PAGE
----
Letting Go of Shame

I just read this great piece by Daniel José Older called Writing Begins With Forgiveness: Why One of the Most Common Pieces of Writing Advice Is Wrong. There’s a paragraph I really want to share with you, so I’m going to quote it here:

Here’s what stops more people from writing than anything else: shame. That creeping, nagging sense of ‘should be,’ ‘should have been,’ and ‘if only I had…’ Shame lives in the body, it clenches our muscles when we sit at the keyboard, takes up valuable mental space with useless, repetitive conversations. Shame, and the resulting paralysis, are what happen when the whole world drills into you that you should be writing every day and you’re not.

The whole article is great, though, and I urge you to take the time to read it.

But this thing, this shame…it hangs over my head every day I don’t write. Every day I don’t put in the time on my writing, or my author career — every day I don’t blog, I don’t edit, I don’t proof, I don’t put new words on paper — every day I focus on something else, I feel shame.

And I need to let go of that.

Right now I’m not writing as much as I’d like to. I’ve been putting in some work on a small project, but it’s slow going and like pulling teeth to be honest. I would like to have been finished with it in August but at this rate, I’ll be lucky to write “the end” in October. And as for the big project, Anala, book 3 in The Third Age, I’ve had to promise myself that on day 1 of my honeymoon I’ll sit down and do more work on it, but that I can’t try to get to before then.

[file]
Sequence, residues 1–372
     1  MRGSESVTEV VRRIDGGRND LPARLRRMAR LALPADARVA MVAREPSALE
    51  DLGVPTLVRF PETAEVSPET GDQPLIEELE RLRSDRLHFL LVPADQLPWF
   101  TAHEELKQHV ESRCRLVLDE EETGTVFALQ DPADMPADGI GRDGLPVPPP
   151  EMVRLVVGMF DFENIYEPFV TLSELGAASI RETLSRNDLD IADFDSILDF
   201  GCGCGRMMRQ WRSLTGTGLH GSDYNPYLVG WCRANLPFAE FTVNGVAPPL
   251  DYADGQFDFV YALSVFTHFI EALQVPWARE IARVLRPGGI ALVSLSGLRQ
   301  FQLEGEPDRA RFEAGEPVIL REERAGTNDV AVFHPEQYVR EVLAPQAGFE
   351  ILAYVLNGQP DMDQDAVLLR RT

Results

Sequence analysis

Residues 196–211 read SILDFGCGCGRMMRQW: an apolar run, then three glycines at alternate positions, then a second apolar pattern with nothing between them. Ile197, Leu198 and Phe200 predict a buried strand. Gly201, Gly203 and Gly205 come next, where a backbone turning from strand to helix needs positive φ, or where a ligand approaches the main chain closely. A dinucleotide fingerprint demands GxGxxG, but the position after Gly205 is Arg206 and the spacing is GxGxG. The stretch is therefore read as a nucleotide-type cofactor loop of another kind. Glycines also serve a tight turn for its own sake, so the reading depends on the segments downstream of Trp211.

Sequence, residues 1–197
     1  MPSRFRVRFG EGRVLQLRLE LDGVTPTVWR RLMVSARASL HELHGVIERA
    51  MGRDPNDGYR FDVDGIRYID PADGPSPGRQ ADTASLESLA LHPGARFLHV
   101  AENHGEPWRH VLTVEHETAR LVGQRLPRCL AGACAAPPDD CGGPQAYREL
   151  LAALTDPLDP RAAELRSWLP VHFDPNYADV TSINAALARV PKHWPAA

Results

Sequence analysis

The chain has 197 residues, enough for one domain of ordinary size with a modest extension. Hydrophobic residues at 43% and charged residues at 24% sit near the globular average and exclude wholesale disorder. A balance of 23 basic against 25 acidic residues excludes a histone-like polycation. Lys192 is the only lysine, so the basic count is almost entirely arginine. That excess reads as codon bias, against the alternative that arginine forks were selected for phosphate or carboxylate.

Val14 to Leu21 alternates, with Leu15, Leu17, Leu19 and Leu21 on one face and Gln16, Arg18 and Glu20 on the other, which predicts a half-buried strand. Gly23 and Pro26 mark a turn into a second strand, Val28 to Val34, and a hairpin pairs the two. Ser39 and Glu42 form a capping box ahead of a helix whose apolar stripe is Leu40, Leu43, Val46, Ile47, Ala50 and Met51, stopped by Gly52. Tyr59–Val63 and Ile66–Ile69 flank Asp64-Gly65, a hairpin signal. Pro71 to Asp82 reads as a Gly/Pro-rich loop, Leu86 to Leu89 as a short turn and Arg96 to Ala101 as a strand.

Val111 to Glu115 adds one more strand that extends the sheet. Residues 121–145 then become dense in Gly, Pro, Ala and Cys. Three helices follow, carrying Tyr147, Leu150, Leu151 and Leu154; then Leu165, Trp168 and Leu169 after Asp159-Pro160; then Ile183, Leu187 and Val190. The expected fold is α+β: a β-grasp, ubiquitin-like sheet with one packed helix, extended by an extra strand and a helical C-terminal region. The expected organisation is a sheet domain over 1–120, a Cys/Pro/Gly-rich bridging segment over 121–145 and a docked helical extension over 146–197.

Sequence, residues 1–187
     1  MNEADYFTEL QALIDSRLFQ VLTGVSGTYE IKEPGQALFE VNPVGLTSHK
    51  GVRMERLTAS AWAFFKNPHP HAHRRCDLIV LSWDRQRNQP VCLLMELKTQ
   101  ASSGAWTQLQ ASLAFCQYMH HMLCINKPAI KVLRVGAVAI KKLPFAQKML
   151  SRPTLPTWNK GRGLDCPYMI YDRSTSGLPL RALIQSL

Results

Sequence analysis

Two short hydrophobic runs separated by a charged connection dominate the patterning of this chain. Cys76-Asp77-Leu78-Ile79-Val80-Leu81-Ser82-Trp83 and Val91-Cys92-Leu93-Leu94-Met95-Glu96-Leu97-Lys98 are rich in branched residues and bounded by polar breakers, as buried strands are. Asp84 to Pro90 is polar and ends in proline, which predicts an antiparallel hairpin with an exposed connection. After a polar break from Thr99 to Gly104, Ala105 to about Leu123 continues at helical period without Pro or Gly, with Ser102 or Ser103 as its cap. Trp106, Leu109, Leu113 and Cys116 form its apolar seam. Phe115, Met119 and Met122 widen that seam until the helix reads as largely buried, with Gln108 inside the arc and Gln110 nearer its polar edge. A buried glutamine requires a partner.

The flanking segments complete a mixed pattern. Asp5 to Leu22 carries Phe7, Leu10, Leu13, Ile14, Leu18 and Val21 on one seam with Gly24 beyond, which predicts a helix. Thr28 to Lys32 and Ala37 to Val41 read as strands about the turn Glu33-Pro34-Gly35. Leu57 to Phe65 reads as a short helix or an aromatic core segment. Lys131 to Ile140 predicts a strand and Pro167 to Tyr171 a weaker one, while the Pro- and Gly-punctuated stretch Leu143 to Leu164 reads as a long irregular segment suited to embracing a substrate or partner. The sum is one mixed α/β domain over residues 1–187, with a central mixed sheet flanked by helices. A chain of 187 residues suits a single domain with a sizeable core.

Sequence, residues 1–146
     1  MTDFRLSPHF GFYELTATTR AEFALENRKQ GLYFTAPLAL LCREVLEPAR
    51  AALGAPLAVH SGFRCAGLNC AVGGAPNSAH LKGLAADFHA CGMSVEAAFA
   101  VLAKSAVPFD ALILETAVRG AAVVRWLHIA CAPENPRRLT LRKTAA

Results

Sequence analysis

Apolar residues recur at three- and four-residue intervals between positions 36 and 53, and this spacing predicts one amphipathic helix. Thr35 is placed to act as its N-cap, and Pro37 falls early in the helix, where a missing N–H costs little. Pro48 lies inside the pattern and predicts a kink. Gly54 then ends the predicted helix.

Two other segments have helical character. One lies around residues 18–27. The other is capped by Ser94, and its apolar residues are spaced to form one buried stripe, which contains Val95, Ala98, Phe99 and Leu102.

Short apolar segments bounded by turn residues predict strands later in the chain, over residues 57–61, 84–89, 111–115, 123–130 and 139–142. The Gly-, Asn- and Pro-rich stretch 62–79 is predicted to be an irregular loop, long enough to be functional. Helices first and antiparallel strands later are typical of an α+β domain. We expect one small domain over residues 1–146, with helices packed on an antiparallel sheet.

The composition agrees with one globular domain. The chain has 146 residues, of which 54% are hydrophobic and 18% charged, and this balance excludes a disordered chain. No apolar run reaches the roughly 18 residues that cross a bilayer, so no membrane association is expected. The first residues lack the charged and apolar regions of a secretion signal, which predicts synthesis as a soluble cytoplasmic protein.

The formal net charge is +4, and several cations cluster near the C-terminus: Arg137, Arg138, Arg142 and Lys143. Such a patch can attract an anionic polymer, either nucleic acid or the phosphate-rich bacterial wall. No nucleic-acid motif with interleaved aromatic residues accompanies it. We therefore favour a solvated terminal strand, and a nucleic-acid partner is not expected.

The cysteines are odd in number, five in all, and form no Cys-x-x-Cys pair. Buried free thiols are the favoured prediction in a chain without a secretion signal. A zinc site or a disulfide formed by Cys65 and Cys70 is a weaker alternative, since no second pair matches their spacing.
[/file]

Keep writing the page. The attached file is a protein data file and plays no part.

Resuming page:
I still have a bunch of stuff to do before then anyway — I just finished proofing The Jade Star of Athering, finally, and now I’ll be sending off the edited files so I can get the final paperback proof, and maybe there will be a paperback available by November. (Let’s not get hasty here; there have been so many issues with getting that book out.) I have that small project to get out, which I’ll talk more about when it’s launched, but suffice it to say it consists of 5 short pieces — a story, a myth, and 3 character backstories — that are proving difficult to get done.

These things I have to find room for in between the day job, the other publishing work I do, keeping house, wedding planning, and keeping my health up. To be honest I’m kinda crap at all of these things, except the day job, where the requirement is I show up, smile, and do the same thing for 8 hours. The fact is I just don’t have time to focus on writing all that much right now, and I have to let myself be okay with that.

It’s a struggle. I already shame myself for not being productive enough on whatever I’m doing; writing is no exception there. It’s supposed to be my greatest joy, but I also want it to be my career — to provide for me on some level. Is it any surprise I am too hard on myself for not doing enough of it?